The only thing that really differentiates between the two is history.  The standard cushions are the cutting styles that have been around longer while the modified cushions are simply modern variations on the original cushion cut facet patterns.

The single greatest mistake people make regarding cushion cuts is that it actually makes a significant difference to the stone’s appearance whether it’s a standard cushion or a modified cushion.

The Truth About Cushion Cuts

In fact, if you’ve reached this page after doing research elsewhere, I’m sure you’ve already heard that line several times before.

People will tell you that you need to buy a standard cushion if you want a “chunky cushion” (see below) and you need to buy a modified cushion if you want a “crushed ice” cushion (also below).

This is completely inaccurate.  The truth about cushion cuts is that it rarely makes any kind of noticeable difference in a cushion cut’s appearance whether it’s standard or modified.

Chunky cushion vs crushed-ice cushion
Chunky cushion vs Crushed-ice cushion

Just as there are two distinct categories of cut classifications of cushions, so too are there two distinct categories of “looks” that a cushion cut diamond can display.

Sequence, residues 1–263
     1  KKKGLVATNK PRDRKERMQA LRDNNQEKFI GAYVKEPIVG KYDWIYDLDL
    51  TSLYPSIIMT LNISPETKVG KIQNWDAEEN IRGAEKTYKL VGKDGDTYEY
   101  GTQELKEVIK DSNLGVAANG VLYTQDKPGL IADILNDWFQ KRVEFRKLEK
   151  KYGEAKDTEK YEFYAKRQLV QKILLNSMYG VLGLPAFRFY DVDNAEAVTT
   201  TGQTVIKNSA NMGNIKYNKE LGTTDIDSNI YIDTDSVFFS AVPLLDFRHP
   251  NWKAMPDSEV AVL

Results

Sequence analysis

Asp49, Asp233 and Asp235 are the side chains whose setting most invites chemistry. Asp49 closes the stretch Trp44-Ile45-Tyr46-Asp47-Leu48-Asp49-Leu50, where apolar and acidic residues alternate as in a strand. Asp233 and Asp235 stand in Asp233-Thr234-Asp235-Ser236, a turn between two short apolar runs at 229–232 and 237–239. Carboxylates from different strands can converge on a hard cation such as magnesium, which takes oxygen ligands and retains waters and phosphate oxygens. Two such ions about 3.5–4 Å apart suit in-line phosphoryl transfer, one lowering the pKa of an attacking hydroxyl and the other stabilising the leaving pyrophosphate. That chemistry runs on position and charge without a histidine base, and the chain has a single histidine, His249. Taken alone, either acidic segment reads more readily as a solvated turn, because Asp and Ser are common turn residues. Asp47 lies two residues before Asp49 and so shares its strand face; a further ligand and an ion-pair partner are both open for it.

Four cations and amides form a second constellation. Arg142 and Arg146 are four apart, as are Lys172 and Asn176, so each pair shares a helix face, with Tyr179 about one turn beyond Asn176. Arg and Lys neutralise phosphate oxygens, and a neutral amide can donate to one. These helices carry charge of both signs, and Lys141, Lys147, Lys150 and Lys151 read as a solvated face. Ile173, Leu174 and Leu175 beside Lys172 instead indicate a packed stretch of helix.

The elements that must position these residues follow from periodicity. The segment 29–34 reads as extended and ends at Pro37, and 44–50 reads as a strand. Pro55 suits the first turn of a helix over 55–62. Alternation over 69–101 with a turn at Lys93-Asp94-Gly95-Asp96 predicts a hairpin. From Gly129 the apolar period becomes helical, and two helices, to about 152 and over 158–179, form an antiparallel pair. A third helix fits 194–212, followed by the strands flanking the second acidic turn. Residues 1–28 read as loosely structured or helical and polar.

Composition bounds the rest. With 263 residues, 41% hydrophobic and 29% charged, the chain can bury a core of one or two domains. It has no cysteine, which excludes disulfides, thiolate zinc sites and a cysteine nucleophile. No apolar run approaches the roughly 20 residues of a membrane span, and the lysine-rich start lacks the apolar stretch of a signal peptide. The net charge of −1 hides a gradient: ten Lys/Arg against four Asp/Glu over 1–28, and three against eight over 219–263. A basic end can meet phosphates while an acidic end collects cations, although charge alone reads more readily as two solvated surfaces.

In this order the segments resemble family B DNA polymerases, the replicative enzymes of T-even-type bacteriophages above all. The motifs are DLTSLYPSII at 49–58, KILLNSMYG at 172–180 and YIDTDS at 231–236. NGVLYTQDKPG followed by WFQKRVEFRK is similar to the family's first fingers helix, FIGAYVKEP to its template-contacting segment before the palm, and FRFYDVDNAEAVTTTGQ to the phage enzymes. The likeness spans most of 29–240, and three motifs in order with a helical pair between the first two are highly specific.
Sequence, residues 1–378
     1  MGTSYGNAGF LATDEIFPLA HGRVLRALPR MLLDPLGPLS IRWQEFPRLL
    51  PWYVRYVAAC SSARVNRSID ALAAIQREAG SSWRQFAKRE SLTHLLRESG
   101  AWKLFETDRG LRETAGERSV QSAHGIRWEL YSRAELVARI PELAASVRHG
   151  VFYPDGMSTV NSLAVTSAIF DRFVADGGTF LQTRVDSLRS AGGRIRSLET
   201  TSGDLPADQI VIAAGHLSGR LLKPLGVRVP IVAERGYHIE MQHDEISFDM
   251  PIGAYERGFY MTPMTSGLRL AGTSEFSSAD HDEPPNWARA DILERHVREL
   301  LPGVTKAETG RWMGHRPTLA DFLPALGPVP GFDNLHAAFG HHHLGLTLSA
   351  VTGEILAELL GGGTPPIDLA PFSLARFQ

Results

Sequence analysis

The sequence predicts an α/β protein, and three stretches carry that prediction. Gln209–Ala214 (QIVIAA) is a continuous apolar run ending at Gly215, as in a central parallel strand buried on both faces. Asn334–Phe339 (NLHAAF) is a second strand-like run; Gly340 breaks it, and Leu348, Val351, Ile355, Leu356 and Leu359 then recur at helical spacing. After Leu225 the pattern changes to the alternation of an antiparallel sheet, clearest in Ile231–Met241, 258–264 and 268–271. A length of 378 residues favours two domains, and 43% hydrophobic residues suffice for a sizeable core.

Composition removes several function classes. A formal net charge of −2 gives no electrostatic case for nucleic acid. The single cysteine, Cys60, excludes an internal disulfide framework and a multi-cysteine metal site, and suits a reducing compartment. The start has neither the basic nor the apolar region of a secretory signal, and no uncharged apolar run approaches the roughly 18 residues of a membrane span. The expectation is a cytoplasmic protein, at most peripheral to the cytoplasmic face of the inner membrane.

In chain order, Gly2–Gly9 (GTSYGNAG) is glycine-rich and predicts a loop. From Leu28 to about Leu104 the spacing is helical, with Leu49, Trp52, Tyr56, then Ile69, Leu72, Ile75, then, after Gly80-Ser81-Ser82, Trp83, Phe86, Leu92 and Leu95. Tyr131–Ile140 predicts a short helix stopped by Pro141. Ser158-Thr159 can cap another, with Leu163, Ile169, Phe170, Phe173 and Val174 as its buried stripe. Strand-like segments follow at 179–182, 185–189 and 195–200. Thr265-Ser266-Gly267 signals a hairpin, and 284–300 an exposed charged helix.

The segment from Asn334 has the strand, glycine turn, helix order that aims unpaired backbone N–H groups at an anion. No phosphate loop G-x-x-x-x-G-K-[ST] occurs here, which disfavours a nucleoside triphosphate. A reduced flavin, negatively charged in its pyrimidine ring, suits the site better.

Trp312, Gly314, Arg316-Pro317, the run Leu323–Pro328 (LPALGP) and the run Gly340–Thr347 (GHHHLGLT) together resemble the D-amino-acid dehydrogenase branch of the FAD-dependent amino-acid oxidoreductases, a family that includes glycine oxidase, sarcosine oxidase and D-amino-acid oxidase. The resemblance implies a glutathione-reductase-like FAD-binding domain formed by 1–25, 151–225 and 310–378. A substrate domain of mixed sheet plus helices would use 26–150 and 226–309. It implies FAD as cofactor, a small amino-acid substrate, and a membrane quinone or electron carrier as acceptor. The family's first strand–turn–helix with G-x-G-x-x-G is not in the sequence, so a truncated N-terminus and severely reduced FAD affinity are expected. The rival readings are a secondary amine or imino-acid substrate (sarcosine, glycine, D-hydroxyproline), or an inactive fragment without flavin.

Before we discuss these two categories, however, it’s worth stressing again that there is absolutely no correlation between the two groups of cut configurations and the two types of exhibited “looks.”

Chunky Cushion Brilliants

“Chunky” cushions are those that have clearly defined facet patterns when looking down into the table of a face-up oriented stone.

These tend to resemble the way in which round diamonds present themselves. These are often called “antique” cushion cuts.

This is actually technically not true since the cushion brilliant cut is relatively modern. The Old Miner is the antique antecedent to the modern cushion cut.  Although, it’s clear this look is referred to as an “antique” cushion because this is how Old Miner cuts always present themselves.

Crushed-Ice Cushions

“Crushed-Ice” cushions are those that have no discernible faceting when you look through their table.  All you can see is what looks like broken glass or crushed-ice (hence the name) – a disorganized space of sparkling bling.

This is typically what a radiant cut looks like.  You also find this effect in corners of pear shapes and marquise shape stones.

Telling the Difference

If you’d like to see the difference between these two looks – the easiest way to understand it is by looking at the two diamond shapes that most exemplify each “look”: radiants for “crushed ice” and rounds for the clean cut look of the “chunky” cushions.

Radiant cut vs round cut
Radiant Cut Diamond – Crushed Ice (left) vs. Ideal Cut Round Diamond (right)

Above is a typically crushed ice radiant. Notice in the picture of the round stone to the right how clearly defined and symmetrical each of the facets are and how different that is from the radiant to the left.

Now just to drive the point home, I didn’t choose those two pictures of cushion cuts above at random.

It happens to be that the “antique/chunky” cushion in the picture above and to the left is a GIA certified cushion modified brilliant.  It also happens to be that the “crushed-ice” cushion in the picture above and to the right is a standard “cushion brilliant.”